Patients with mental health issues benefit from lower Kaftrio dose

10 participants in study developed anxiety, irritability, sleep problems after 4 weeks

Andrea Lobo, PhD avatar

by Andrea Lobo, PhD |

Share this article:

Share article via email
An assortment of tablets, capsules, and pills are shown.

Reducing the dose of Kaftrio (elexacaftor, tezacaftor, and ivacaftor) should be considered for cystic fibrosis (CF) patients who report cognitive and psychological side effects, a study in Ireland suggests.

Such patients should have an individualized dosage to minimize side effects while maintaining CFTR modulator therapy.

“Dose reduction resulted in resolution of self-reported mental/psychological AEs [adverse events], without loss of clinical effectiveness,” the researchers wrote in “Individualized approach to elexacaftor/tezacaftor/ivacaftor dosing in cystic fibrosis, in response to self-reported anxiety and neurocognitive adverse events: A case series,” which was published in Frontiers in Pharmacology.

CF is caused by mutations in the CFTR gene, which provides instructions for making the CFTR protein that acts as a “gate” on the surface of certain cells, regulating the flow in and out of chloride ions (a type of salt particle). These mutations cause CFTR to be missing or dysfunctional.

CFTR modulators address this underlying cause in those with specific mutations. Kaftrio — sold as Trikafta in the U.S. — is a triple combination therapy sold by Vertex Pharmaceuticals that’s been effective in clinical trials and real world studies. Some patients on CFTR modulators develop mental health and cognitive issues, however.

In this study, researchers adopted a dose reduction protocol in patients with self-reported mental or psychological concerns.

For adults or those weighing at least 30 kg (about 66 pounds), each Kaftrio tablet in Europe has 75 mg of ivacaftor, 50 mg of tezacaftor and 100 mg elexacaftor. The recommended daily dose for them is two tablets in the morning and one ivacaftor tablet (150 mg) in the evening.

The dose reduction protocol was based on a Phase 2 clinical trial (NCT03227471) that showed a clinical response to lower doses of elexacaftor.

Full dose Kaftrio was initiated on 126 adults with CF who attended the Cork Centre for Cystic Fibrosis in Ireland, between October 2020 and May 2021. The patients had no previous reports of anxiety and depression and were on other CFTR modulators before switching to Kaftrio — five on Kalydeco (ivacaftor), five on Orkambi (lumacaftor/ivacaftor).

Recommended Reading
Two people sitting next to each other at a table talking to one another.

CF patients using Kaftrio/Trikafta may enjoy ‘near normal’ lifespans

Reducing Kaftrio dosage eased mental health symptoms

Within four weeks of starting treatment, 10 participants (7.9%) developed self-reported intense anxiety, irritability, sleep disturbance, and/or mental slowness. At the same time, their lung function improved and sweat chloride was reduced — an indirect measure of CFTR function restoration — as seen in clinical trials.

“We believe the mental health AEs [side effects] in our cohort may be related to the add-on effect of the CFTR correctors elexacaftor and/or tezacaftor, as all patients in this subgroup were previously on either ivacaftor or lumacaftor/ivacaftor,” the researchers wrote.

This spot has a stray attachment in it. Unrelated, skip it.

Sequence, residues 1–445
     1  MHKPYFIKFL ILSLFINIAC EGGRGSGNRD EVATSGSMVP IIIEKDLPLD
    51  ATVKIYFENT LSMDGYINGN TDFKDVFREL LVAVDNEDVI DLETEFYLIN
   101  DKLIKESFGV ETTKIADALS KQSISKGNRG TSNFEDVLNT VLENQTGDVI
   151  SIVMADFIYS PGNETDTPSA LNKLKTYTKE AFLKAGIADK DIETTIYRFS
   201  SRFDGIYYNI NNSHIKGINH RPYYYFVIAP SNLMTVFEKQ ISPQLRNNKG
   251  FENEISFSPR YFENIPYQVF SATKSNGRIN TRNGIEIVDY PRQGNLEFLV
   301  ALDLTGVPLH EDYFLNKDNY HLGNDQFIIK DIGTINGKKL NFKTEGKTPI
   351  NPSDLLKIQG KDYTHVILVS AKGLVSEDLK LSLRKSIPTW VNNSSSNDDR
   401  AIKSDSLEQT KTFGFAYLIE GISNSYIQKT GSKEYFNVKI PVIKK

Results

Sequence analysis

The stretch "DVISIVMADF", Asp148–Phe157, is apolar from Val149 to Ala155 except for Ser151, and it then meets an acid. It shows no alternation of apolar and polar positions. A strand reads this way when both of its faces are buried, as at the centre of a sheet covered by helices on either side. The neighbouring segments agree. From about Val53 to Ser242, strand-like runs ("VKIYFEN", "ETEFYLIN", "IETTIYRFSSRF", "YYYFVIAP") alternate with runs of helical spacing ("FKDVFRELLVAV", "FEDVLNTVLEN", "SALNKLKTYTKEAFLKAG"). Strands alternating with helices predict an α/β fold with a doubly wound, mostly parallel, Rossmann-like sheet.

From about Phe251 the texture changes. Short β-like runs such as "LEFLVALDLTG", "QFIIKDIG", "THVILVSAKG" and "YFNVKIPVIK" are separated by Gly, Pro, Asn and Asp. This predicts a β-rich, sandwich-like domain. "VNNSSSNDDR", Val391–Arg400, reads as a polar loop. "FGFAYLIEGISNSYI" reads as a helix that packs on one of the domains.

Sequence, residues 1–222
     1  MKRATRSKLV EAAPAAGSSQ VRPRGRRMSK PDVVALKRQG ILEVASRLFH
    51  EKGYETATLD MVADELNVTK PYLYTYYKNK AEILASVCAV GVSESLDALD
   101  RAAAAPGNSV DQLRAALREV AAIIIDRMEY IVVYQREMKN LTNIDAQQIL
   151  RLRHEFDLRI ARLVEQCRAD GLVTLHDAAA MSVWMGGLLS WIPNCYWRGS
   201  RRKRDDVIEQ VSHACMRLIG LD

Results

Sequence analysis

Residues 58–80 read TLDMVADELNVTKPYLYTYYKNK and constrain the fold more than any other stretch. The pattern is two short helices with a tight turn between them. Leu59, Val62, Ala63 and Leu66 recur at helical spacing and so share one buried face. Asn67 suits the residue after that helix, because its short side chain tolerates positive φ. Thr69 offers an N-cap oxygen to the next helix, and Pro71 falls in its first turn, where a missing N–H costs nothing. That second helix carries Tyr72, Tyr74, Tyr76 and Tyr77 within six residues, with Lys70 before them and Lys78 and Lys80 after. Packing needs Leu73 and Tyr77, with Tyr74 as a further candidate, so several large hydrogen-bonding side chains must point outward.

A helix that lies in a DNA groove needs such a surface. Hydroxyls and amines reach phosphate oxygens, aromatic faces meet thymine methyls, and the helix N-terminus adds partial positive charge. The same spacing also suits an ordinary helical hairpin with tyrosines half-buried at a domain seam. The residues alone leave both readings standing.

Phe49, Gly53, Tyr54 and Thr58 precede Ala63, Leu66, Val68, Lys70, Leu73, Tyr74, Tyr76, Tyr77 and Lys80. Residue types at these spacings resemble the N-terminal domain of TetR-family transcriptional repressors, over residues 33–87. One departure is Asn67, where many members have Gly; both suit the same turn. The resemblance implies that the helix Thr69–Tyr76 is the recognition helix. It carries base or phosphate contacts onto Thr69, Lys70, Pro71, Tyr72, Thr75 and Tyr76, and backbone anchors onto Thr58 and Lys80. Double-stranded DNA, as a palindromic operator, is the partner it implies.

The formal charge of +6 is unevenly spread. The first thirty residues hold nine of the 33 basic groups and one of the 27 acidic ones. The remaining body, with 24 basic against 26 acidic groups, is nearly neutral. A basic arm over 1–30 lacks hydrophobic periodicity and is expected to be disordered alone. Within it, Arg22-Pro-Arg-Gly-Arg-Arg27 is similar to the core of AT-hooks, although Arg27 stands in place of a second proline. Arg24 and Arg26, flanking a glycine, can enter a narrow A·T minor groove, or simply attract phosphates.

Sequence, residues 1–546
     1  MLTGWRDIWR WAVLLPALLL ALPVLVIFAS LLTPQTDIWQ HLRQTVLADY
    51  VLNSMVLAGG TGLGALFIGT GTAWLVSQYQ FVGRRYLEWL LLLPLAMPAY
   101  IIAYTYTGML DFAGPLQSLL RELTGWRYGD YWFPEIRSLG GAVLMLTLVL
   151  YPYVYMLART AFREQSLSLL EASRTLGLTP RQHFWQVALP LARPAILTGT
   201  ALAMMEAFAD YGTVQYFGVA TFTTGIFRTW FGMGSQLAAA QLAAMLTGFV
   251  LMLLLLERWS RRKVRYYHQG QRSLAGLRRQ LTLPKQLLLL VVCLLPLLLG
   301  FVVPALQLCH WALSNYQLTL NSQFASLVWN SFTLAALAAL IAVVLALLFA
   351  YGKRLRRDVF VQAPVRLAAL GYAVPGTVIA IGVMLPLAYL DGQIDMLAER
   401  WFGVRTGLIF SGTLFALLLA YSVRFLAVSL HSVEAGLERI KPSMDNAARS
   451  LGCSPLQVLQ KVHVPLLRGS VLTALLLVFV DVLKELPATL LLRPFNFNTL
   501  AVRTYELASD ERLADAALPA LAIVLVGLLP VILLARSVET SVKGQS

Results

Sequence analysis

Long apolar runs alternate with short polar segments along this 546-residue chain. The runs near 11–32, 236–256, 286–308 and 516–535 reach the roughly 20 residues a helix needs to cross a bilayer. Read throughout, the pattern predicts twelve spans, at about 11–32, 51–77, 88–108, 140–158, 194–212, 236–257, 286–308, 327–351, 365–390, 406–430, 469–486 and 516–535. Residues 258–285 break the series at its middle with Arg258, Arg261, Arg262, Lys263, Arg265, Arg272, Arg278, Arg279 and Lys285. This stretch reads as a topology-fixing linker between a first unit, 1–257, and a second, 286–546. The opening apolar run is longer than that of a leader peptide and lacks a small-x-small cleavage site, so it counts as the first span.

Nine patients started the dose reduction protocol. One decided to discontinue Kaftrio and return to Kalydeco. Four were referred for psychological support and required anxiety medications that were discontinued within two weeks.

The therapy was discontinued for those with severe cognitive or psychological side effects until these were resolved and was reintroduced at a lower dose, starting with a single daily tablet of elexacaftor at 100 mg, tezacaftor 50 mg, and ivacaftor 75 mg. Reintroducing the evening ivacaftor dose was planned at four to six weeks and returning to full dose therapy at 10–12 weeks, guided by clinical efficacy parameters, the absence of mental health events, and the preference of the patients.

Those with modest mental health side effects events were reduced to the same dosage, but the ivacaftor 150 mg evening dose was continued. Returning to full-dose therapy was considered at 10-12 weeks, also.

The ongoing clinical response was measured based on lung function and sweat chloride levels every four to six weeks in the first 12 weeks.

The mental health issues resolved within two weeks for most patients. The reduced dose’s effectiveness was comparable to the full dose during and at the end of 12 weeks.

Specifically, the mean ppFEV1, a lung function measure of the amount of air forcefully expelled in one second, was 83.4% at 12 weeks versus 80.7% on full-dose Kaftrio. Mean sweat chloride was 34 mmol/L on the reduced dose and 33.4 with the full dose.

At 12 weeks on the reduced dose, six patients remained on that regimen, while three switched back to a full dose. For those who completed 24 weeks on the reduced regimen, CT imaging showed a significant improvement compared to before starting Kaftrio.

These results “highlight that some patients do not tolerate standard full dose of CFTR modulator therapy. There is a need in small groups of patients who develop AEs, to individualize dosage,” the researchers said.